This study illustrates a novel data–model approach to investigate the relationship between δ18Ospel and monsoon climate under past conditions: we compare composite regional records and then use multiple linear regression of isotope-enabled palaeoclimate simulations to determine the change in individual climate variables associated with these trends. This obviates the need to use modern δ18Oprecip–climate relationships to explain changes under conditions considerably different from today or to rely on coherency between different palaeohydrological archives which may respond to different climate variables. This model interrogation approach could be employed to address questions about the regional drivers of speleothem records outside the monsoon regions.

5 Conclusions

Geographically distributed speleothem δ18O records and isotope-enabled climate models can be used together to understand the underlying relationships between δ18Ospel and monsoon climate in the past and, therefore, elucidate possible drivers of δ18O variability. Speleothem records, objectively grouped into monsoon regions by record correlation and multivariate ordination techniques, show regional trends that are consistent with changes in summer insolation but modulated by land surface and ocean feedbacks. LGM δ18Ospel signals are best explained by a large decrease in precipitation, as a consequence of lower atmospheric moisture content driven by global cooling. The evolution of δ18Ospel through the Holocene across the global monsoon domain is closely correlated with changes in precipitation, atmospheric circulation and temperature. At the regional scale, our analyses support the increasing number of studies suggesting that East Asian monsoon speleothem δ18O evolution through the Holocene relates to changes in atmospheric circulation (i.e. changes in moisture pathway and/or source). Changes in regional precipitation are the predominant driver of Holocene δ18Ospel evolution in the Indian, southwestern South American and Indonesian–Australian monsoons, although changes in atmospheric circulation also contribute in the Indian and Indonesian–Australian monsoon regions and changes in precipitation recycling appear to be important in southwestern South America.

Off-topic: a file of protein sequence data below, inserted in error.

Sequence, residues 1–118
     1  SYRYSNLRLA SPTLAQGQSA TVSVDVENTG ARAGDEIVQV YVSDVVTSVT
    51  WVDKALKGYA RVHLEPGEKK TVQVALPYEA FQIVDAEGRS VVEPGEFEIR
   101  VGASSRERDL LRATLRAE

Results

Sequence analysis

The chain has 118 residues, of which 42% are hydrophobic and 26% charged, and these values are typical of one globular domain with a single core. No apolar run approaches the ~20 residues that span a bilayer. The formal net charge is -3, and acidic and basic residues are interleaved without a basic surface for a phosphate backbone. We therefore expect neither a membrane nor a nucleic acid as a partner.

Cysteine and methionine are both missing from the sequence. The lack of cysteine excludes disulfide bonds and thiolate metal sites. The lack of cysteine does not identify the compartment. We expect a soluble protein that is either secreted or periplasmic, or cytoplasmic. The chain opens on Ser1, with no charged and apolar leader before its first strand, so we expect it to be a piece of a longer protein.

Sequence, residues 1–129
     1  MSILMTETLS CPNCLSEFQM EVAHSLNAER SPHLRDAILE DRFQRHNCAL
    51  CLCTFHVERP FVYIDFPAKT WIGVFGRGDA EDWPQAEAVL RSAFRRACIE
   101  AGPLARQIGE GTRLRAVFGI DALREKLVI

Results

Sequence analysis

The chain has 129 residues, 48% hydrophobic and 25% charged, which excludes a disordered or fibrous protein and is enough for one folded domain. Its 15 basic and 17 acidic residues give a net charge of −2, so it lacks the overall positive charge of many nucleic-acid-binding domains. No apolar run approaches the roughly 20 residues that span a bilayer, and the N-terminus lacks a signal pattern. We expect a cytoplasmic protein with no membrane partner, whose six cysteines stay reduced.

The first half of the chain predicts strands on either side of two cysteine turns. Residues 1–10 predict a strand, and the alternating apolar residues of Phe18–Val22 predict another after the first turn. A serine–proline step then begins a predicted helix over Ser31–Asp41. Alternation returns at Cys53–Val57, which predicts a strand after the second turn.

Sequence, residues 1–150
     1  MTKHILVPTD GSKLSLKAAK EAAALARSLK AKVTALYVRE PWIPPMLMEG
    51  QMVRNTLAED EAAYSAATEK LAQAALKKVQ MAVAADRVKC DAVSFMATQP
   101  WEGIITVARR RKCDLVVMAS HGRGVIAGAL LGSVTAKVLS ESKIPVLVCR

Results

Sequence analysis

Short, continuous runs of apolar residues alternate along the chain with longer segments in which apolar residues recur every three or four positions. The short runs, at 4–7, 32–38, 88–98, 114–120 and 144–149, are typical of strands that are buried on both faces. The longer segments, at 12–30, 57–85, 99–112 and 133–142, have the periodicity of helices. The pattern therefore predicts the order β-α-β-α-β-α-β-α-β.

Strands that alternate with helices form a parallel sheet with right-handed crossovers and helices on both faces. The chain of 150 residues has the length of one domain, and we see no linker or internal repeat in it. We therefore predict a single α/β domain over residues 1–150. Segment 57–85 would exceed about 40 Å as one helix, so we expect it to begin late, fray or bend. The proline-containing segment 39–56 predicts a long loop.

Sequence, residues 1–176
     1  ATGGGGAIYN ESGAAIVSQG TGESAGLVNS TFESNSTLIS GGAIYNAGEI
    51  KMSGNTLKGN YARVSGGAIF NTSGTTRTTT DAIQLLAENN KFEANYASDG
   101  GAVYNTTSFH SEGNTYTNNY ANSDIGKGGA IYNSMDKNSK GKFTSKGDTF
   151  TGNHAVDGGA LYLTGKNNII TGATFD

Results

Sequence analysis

Code and data availability

The SISAL (Speleothem Isotopes Synthesis and AnaLysis) database version 2 is available through the University of Reading Research Data Archive at https://doi.org/10.17864/1947.256 (Comas-Bru et al., 2020a). The ECHAM5-wiso MH and LGM simulations are available at https://doi.org/10.1594/PANGAEA.902347 (Werner, 2019). The ECHAM LIG simulation is available at https://doi.org/10.1594/PANGAEA.879229 (Gierz et al., 2017a). The OIPC mean annual δ18Oprecip data are available at http://waterisotopes.org (last access: 10 May 2021, Waterisotopes Database, 2017). CRU-TS4.01 mean annual temperature data are available at https://doi.org/10.5285/58a8802721c94c66ae45c3baa4d814d0 (Harris and Jones, 2017). The GISS simulations and code used to generate the figures in this paper are available at https://doi.org/10.5281/zenodo.3875496 (Parker, 2020).